How do you want people to see your character? This isn’t only about remembering to tell them about hair color and eyes, it’s about personality. It’s also about timing, about when you reveal information.
Early on, you want to paint enough of the picture, to where they can see who you see. However you may want to hold back on certain details, until the proper moment. For example, your character may seem weak and indecisive at home, but two chapters in, the reader sees them confident and in charge at work.
If you do it abruptly, they’ll say wait a minute. If you explain it with a lead in like, “Paul was a basket case at home, but it was about emotions. Work at the office was about facts and figures, and he was good at that.”
For those who struggle with relationships, they’ll understand him more. Those who don’t struggle, know someone who does. You’ve not only told the reader something about your character at the right time, you’ve made him relatable.
In a mystery, the same can work with a villain. Just remember you don’t want to overuse the slow reveal, or it will take on a soap opera effect. You also don’t want to use the same methods to introduce all of your characters in each story. Sometimes it’s as simple as telling someone, “He needed a haircut. His curly blond hair was now tickling the back of his ears. My brown eyed boy also had to brush it out of those eyes every morning when he got up.”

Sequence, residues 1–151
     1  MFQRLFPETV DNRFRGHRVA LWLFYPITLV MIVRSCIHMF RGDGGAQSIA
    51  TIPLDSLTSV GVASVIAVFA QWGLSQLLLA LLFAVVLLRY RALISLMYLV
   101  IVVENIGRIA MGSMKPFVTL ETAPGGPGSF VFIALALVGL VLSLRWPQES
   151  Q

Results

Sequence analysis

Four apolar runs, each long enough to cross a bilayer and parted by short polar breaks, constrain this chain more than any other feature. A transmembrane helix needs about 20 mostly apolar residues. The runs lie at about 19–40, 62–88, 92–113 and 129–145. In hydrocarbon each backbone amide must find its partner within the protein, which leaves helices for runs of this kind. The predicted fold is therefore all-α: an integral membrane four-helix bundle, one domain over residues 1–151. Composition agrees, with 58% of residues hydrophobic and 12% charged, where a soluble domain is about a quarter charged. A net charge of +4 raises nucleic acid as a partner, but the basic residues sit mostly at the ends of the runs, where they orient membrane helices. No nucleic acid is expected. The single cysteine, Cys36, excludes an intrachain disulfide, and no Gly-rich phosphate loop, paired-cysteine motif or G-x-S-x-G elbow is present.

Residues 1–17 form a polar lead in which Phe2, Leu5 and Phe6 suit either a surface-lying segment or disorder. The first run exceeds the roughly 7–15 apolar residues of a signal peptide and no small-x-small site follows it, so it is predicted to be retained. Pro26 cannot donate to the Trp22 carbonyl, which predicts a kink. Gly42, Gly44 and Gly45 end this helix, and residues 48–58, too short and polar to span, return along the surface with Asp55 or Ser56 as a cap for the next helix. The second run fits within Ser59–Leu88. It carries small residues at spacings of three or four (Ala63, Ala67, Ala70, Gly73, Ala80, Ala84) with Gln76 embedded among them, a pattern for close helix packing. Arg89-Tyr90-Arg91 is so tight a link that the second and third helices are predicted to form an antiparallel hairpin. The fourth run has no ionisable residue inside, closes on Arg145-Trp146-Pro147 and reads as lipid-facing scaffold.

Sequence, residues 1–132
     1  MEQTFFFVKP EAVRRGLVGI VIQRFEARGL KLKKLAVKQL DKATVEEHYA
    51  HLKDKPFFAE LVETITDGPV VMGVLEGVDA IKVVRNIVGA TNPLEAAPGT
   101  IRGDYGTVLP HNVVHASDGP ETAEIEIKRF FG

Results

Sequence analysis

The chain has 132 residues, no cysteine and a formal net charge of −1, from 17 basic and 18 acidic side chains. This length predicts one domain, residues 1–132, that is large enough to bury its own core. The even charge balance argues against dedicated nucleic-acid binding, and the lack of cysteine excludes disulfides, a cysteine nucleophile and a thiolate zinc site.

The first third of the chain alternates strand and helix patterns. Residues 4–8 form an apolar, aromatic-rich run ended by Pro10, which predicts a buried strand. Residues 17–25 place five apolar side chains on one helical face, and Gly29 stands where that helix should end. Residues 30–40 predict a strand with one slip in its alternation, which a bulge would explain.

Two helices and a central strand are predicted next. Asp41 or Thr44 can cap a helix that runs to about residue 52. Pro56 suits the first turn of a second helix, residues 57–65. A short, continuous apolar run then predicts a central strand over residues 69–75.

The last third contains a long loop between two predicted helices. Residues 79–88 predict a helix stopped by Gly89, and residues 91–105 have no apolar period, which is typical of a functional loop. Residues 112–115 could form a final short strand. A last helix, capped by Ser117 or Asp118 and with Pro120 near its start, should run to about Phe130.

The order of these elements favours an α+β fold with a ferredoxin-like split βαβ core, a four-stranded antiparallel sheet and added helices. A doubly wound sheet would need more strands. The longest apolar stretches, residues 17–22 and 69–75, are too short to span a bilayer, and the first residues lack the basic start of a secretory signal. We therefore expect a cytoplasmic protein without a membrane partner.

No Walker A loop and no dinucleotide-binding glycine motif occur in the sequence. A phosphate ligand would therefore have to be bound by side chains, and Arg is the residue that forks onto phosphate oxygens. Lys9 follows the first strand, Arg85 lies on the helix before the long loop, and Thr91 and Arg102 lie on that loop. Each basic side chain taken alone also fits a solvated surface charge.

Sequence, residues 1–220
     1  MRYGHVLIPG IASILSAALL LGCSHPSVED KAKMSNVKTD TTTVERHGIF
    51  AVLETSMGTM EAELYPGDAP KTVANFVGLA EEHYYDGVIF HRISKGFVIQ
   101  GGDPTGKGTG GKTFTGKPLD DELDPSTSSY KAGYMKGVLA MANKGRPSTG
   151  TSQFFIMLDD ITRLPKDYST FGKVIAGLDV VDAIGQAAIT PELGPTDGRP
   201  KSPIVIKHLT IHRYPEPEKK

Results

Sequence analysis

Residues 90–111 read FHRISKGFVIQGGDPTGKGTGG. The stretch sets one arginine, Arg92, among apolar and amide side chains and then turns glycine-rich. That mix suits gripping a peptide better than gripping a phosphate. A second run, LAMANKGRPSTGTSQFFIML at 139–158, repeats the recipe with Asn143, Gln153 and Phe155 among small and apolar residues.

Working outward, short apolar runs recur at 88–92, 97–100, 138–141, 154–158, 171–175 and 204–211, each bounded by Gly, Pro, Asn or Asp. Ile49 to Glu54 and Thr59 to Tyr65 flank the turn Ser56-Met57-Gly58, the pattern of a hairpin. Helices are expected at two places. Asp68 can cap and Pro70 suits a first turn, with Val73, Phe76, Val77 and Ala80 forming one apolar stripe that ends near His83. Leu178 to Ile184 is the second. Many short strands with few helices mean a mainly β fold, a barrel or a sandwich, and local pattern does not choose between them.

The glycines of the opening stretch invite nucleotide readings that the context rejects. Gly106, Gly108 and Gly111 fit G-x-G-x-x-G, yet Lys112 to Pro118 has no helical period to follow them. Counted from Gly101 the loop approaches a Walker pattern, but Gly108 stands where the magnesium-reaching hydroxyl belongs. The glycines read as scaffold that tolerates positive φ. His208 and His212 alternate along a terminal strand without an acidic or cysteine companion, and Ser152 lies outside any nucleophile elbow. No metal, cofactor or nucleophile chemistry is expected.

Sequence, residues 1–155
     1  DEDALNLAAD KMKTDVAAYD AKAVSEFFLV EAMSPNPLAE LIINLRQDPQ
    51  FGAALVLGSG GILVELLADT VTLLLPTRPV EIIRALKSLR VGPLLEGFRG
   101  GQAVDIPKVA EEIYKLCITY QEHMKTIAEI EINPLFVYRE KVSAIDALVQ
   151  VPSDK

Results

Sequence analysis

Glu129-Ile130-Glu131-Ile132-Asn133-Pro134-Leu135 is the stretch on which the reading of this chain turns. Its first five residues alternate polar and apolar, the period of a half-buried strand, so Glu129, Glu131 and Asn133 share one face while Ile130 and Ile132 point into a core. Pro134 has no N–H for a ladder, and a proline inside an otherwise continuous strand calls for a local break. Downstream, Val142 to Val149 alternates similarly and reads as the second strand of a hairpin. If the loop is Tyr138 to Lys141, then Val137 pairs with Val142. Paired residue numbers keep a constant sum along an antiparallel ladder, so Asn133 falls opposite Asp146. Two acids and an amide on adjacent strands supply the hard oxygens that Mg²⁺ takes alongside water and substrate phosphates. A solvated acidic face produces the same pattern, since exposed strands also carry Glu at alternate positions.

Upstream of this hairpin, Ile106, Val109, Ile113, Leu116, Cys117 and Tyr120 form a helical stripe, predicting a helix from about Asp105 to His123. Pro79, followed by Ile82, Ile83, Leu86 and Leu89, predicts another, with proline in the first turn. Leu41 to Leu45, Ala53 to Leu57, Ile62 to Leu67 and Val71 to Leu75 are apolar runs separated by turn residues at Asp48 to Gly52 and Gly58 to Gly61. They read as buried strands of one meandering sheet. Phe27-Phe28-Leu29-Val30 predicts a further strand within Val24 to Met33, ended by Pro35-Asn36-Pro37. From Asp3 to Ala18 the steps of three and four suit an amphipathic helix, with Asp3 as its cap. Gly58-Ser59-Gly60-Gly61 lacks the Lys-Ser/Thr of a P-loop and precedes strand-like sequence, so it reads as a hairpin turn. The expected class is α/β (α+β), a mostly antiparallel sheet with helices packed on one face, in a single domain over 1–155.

Don’t worry about getting it right every time, you won’t on the first draft. You’re writing for in 30 days, not publishing in 30. You’ll have time to edit, rewrite, get opinions, make corrections, and then complete. Whether it’s for publishing, or for accomplishing a private goal, you’ll get there.
Writing, like characters, reveal more as you write the story. The reader learns about the characters, maybe a lesson about themselves, and the writer learns how to impact others through their words. Character design isn’t about selling your character, it’s about connecting with the reader.